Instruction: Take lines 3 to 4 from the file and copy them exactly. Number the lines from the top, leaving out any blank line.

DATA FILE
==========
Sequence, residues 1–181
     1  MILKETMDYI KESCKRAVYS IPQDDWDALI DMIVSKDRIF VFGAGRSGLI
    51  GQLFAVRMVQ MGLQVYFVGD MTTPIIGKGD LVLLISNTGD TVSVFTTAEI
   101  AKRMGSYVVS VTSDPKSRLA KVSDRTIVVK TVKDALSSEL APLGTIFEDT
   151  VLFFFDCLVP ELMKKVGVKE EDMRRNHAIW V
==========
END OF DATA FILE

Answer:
    51  GQLFAVRMVQ MGLQVYFVGD MTTPIIGKGD LVLLISNTGD TVSVFTTAEI
   101  AKRMGSYVVS VTSDPKSRLA KVSDRTIVVK TVKDALSSEL APLGTIFEDT